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United States Court of Appeals For the Eighth Circuit ___________________________ No. 18-1927 ___________________________ Sherry Despain lllllllllllllllllllllPlaintiff - Appellant v. Nancy A. Berryhill,1 Acting Commissioner, Social Security Administration lllllllllllllllllllllDefendant - Appellee ____________ Appeal from United States District Court for the Eastern District of Arkansas - Jonesboro ____________ Submitted: January 17, 2019 Filed: June 14, 2019 ____________ Before LOKEN, GRASZ, and STRAS, Circuit Judges. ____________ GRASZ, Circuit Judge. 1 Nancy A. Berryhill has been appointed to serve as Acting Commissioner of the Social Security Administration, and is substituted as appellee pursuant to Federal Rule of Appellate Procedure 43(c). Sherry Despain appeals the district court’s2 judgment that the Social Security Administration (“SSA”) Commissioner’s decision to deny her disability benefits was supported by substantial evidence. We affirm. I. Background Despain is a 52-year old woman from Harrisburg, Arkansas, who previously worked as a packaging machine operator at Frito-Lay. She suffered from chronic pain and obesity. In 2015, some back spasms and other pain conditions kept her away from work long enough that she exhausted her permitted absences under the Family and Medical Leave Act, 29 U.S.C. §§ 2601–2654. Because she knew she was no longer capable of working her old job, she resigned. She did not apply for any new jobs. In June 2015, Despain applied for disability benefits, alleging disability beginning on May 4, 2015. After the SSA denied her claim initially and on reconsideration, she requested a hearing before an administrative law judge (“ALJ”). The ALJ found Despain had six severe impairments: obesity, osteoarthritis of both knees, degenerative disc disease of the lumbar spine, pes planus (flat feet), anxiety, and depression. The ALJ also found none of those impairments individually nor the combination of them were severe enough to satisfy the criteria for disability benefits under SSA regulations. The ALJ then determined Despain had the residual functional capacity (“RFC”) to perform light work with some limitations. She would “need to sit or stand at will” 2 The Honorable Beth M. Deere, United States Magistrate Judge for the Eastern District of Arkansas, to whom the case was referred for final disposition by consent of the parties pursuant to 28 U.S.C. § 636(c). -2- and be limited to work (1) “with no climbing of ladders, ropes, or scaffolds, and no balancing requirements,” (2) with only “occasional climbing of ramps and stairs, stooping, kneeling, crouching, and crawling,” and (3) “where no lower extremity foot control operation is necessary.” She also would be “limited to unskilled, simple, routine, and repetitive job tasks, where the supervision is simple, direct, and concrete, consistent with specific vocational preparation (SVP) 1 or 2 jobs that could be learned within thirty days.” Although Despain could not perform her past relevant work under this RFC, testimony from a vocational expert indicated jobs with her RFC are available in the United States economy. Based on that testimony, the ALJ found Despain was not under a disability as defined by the Social Security Act. The Social Security Appeals Council denied Despain’s petition for review, making the ALJ’s decision the Commissioner’s final administrative decision. Despain filed a complaint in the Eastern District of Arkansas seeking review. The district court affirmed the Commissioner’s decision, and Despain timely appealed. II. Standard of Review We review de novo the district court’s decision affirming the denial of social security benefits and will affirm “if the Commissioner’s decision is supported by . . . substantial evidence on the record as a whole.” Ash v. Colvin, 812 F.3d 686, 689 (8th Cir. 2016) (quoting McNamara v. Astrue, 590 F.3d 607, 610 (8th Cir. 2010)). “Substantial evidence is less than a preponderance, but is enough that a reasonable mind would find it adequate to support the Commissioner’s conclusion.” Id. (quoting McKinney v. Apfel, 228 F.3d 860, 863 (8th Cir. 2000)). If the record supports two inconsistent conclusions, this court must affirm the Commissioner’s choice among those two conclusions. Id. at 689–90. -3- III. Analysis On appeal, Despain solely challenges the ALJ’s determination of her RFC. As the claimant, she bears the burden of proof to establish her RFC. See Goff v. Barnhart, 421 F.3d 785, 790 (8th Cir. 2005). She argues the Commissioner gave inadequate deference to her treating physician’s opinion and the RFC is unsupported by the record. “The opinion of a treating physician is accorded special deference under the social security regulations” and is “normally entitled to great weight.” Vossen v. Astrue, 612 F.3d 1011, 1017 (8th Cir. 2010) (quoting Prosch v. Apfel, 201 F.3d 1010, 1012–13 (8th Cir. 2000)).3 “[A] treating physician’s opinion ‘should be granted controlling weight if it is well-supported by medically acceptable clinical and laboratory diagnostic techniques and is not inconsistent with the other substantial evidence in the record.’” Miller v. Colvin, 784 F.3d 472, 477 (8th Cir. 2015) (quoting Cunningham v. Apfel, 222 F.3d 496, 502 (8th Cir. 2000)). However, a treating physician’s opinion as to whether a patient is disabled or unable to work is not dispositive because these are “issues reserved to the Commissioner and are not the type of opinions which receive controlling weight.” Vossen, 612 F.3d at 1015; accord Cox v. Astrue, 495 F.3d 614, 619–20 (8th Cir. 2007) (“Even though the RFC assessment draws from medical sources for support, it is ultimately an administrative determination reserved to the Commissioner.”). In May 2016, Despain’s treating physician, Dr. Michael Crawley, completed a “Medical Source Statement-Physical” regarding Despain’s ongoing pain in her 3 We note the SSA recently issued rules regarding treating physicians. See Revisions to Rules Regarding the Evaluation of Medical Evidence, 82 Fed. Reg. 5844 (Jan. 18, 2017); see also 82 Fed. Reg. 15132 (Mar. 27, 2017) (amending and correcting the rules). Because the ALJ order in Despain’s case predates the new rules, we do not address them. -4- back, hips, and knees. The boxes he checked on the form essentially indicated seven conclusions imposing limitations on Despain. First, she could lift and carry ten pounds maximum for 1/3 to 2/3 of an eight-hour day. Second, she could stand for about three hours per eight-hour day and sit about two hours per eight-hour day. Third, she would need frequent rest periods and longer-than-normal breaks but would not need the opportunity to shift at will from a sitting or standing position. Fourth, she would not have the physical stamina to complete a normal work day or week, let alone maintain an ordinary work routine or a full-time work schedule. Fifth, she could reach in all directions and manipulate objects for 2/3 of an eight-hour work day. Sixth, she would suffer a decreased ability to concentrate and persist in a job setting due to her medications. Seventh, her impairments would cause her to be absent from work about three days per month. Dr. Crawley left the portion of the form blank that asked for the medical findings supporting the limitations. Because Dr. Crawley’s opinion in this case is conclusory, the ALJ correctly examined the underlying medical record to determine whether it supported his conclusion. A conclusory report from a treating physician may still be entitled to controlling weight if it is accurate when viewed in the context of the medical record. See Cox v. Barnhart, 345 F.3d 606, 609 (8th Cir. 2003). An ALJ properly discredits such a report, though, if it is unsupported by the medical record. See Stormo v. Barnhart, 377 F.3d 801, 805–06 (8th Cir. 2004). The record indicates significant sources of pain and Dr. Crawley’s familiarity with the pain because he served as Despain’s primary care physician since February 2014 and had treated her on more than a dozen occasions. As the ALJ noted, medical records from before her alleged onset of disability show complaints of back, foot, and knee pain over time; obesity; and diagnoses of lumbar strain, osteoarthritis of the knees, and pes planus. After her alleged onset of disability, medical records from Dr. Crawley and other treating physicians showed continuing back, foot, and knee pain, and one abnormal reflex, but they also showed no resulting limit to her range of -5- motion. A lumbar spine MRI indicated mild degenerative changes, mild disc bulging, neuroforaminal narrowing (reduced opening of the spinal canal), and a small herniation. The record is mixed on whether her doctors recommended surgery for any of these spinal issues. Despain’s physical therapy records also indicate she was able to tolerate therapy without increased pain, even if the record is mixed about the success of physical therapy. Like the ALJ, we do not believe these records adequately support the limitations Dr. Crawley stated in 2016. The records of continued pain do not support limitations beyond those the ALJ applied or otherwise render Despain completely unable to perform light work. Thus, because the ALJ discredited the conclusory report to the extent it went beyond the submitted records, the ALJ’s consideration of the treating physician’s opinion was appropriate. Beyond the issue of the ALJ’s deference to Dr. Crawley, Despain argues the evidence does not support a conclusion that she “can meet the demands of light work by sitting, standing, or walking for a full eight-hour day, five days a week.” In assessing Despain’s RFC, the ALJ considered Dr. Crawley’s treatment notes, other physicians’ notes, Despain’s treatment, her daily activities, and the opinions of the state agency medical consultants who found Despain had the RFC to perform light work with postural limits. Then, the ALJ placed several restrictions on light work that accounted for her proven limitations. While Despain correctly notes the record is mixed on whether she declined back surgery rather than being advised it was not needed, even presuming that fact in her favor does not alter the ALJ’s main conclusion about Despain’s pain continuing at a level that could be accommodated with work restrictions. Nothing in the record proves her pain exceeded the amount acknowledged in the RFC limitations. Accordingly, the ALJ’s conclusion Despain did not meet her burden to prove a more restricted RFC is supported by substantial evidence. -6- IV. Conclusion We affirm the judgment of the district court that the Commissioner’s decision to deny disability benefits was supported by substantial evidence. ______________________________ -7-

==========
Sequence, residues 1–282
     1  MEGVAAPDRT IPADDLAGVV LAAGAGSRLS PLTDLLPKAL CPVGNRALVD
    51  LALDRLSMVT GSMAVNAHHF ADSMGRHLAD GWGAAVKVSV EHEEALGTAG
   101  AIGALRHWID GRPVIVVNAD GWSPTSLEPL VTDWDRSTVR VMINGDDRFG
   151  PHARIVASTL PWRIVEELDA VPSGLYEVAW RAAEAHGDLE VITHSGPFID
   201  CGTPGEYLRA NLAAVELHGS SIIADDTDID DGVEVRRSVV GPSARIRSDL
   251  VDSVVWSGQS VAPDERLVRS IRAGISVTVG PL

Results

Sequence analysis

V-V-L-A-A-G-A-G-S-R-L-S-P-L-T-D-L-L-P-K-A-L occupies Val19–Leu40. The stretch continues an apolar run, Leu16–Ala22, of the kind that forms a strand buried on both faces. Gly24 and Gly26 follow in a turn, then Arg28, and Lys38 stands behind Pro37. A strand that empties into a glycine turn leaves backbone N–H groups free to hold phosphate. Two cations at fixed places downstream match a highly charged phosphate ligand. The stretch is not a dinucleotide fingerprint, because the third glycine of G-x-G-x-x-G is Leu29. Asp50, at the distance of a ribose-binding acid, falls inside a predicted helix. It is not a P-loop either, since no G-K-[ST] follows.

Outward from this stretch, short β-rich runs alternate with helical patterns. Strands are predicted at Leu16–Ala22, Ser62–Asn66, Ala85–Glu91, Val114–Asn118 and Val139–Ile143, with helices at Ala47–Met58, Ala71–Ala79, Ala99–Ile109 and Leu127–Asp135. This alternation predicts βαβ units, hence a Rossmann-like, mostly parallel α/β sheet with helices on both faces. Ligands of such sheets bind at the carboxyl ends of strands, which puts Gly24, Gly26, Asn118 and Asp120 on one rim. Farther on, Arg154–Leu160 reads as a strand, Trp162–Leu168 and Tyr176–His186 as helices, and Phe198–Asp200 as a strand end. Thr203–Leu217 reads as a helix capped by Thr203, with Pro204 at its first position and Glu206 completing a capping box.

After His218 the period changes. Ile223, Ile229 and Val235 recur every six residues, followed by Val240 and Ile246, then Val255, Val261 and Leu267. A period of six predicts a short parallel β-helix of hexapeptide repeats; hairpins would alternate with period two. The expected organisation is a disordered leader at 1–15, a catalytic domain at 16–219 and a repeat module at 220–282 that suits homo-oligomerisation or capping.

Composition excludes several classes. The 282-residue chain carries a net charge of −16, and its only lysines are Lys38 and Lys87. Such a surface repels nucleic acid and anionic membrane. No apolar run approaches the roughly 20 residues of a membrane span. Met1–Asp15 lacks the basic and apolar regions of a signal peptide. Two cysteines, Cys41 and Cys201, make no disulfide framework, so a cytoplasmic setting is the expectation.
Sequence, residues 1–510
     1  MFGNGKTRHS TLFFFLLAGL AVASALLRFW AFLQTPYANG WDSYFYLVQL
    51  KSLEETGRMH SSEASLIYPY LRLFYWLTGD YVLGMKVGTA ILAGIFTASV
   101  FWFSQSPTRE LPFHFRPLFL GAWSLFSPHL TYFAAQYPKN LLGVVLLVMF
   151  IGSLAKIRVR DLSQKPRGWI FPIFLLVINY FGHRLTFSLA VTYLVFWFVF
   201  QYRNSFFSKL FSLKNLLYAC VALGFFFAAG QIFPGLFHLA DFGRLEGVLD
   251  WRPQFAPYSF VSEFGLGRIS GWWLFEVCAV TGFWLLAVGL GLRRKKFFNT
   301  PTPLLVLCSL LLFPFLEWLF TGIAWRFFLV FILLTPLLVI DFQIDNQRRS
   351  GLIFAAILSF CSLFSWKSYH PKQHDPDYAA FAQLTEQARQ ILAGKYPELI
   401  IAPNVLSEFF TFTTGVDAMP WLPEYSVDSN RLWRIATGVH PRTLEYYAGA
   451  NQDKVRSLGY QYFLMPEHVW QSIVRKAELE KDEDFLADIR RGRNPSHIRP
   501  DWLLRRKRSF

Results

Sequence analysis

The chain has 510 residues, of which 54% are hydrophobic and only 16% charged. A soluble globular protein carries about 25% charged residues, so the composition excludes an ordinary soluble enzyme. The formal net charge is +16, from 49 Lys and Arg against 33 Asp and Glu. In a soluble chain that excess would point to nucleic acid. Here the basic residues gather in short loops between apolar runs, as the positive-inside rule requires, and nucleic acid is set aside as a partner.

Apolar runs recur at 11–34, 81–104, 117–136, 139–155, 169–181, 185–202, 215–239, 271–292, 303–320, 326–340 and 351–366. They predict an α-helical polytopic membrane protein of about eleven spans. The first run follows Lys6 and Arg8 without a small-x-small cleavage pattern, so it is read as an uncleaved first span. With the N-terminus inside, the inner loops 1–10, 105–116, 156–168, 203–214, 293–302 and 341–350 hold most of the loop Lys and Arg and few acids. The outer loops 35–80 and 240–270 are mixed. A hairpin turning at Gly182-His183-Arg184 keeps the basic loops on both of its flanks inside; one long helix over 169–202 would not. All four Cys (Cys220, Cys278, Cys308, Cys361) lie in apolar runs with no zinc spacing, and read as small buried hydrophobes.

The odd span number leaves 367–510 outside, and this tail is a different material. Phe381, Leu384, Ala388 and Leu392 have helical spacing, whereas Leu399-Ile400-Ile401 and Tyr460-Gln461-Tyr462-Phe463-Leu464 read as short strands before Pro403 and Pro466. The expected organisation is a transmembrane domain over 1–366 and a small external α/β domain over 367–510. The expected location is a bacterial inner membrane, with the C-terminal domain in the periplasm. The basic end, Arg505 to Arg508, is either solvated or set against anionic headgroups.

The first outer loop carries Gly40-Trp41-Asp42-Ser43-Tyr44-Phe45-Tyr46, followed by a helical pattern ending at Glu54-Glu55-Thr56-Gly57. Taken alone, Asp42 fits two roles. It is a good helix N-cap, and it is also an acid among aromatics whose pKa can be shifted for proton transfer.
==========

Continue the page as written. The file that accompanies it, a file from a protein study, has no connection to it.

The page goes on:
Primary Holding
The denial of social security disability benefits to claimant was supported by substantial evidence.